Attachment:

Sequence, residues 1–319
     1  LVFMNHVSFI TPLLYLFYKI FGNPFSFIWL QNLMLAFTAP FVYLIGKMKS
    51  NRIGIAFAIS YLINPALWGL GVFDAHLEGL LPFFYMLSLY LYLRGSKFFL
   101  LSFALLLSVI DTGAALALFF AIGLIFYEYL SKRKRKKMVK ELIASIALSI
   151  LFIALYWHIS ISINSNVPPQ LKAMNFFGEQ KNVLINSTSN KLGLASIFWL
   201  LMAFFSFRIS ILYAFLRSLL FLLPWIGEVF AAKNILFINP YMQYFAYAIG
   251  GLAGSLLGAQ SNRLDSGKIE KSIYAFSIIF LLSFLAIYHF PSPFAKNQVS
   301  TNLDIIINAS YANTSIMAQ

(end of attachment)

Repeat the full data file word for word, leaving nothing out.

Sequence, residues 1–319
     1  LVFMNHVSFI TPLLYLFYKI FGNPFSFIWL QNLMLAFTAP FVYLIGKMKS
    51  NRIGIAFAIS YLINPALWGL GVFDAHLEGL LPFFYMLSLY LYLRGSKFFL
   101  LSFALLLSVI DTGAALALFF AIGLIFYEYL SKRKRKKMVK ELIASIALSI
   151  LFIALYWHIS ISINSNVPPQ LKAMNFFGEQ KNVLINSTSN KLGLASIFWL
   201  LMAFFSFRIS ILYAFLRSLL FLLPWIGEVF AAKNILFINP YMQYFAYAIG
   251  GLAGSLLGAQ SNRLDSGKIE KSIYAFSIIF LLSFLAIYHF PSPFAKNQVS
   301  TNLDIIINAS YANTSIMAQ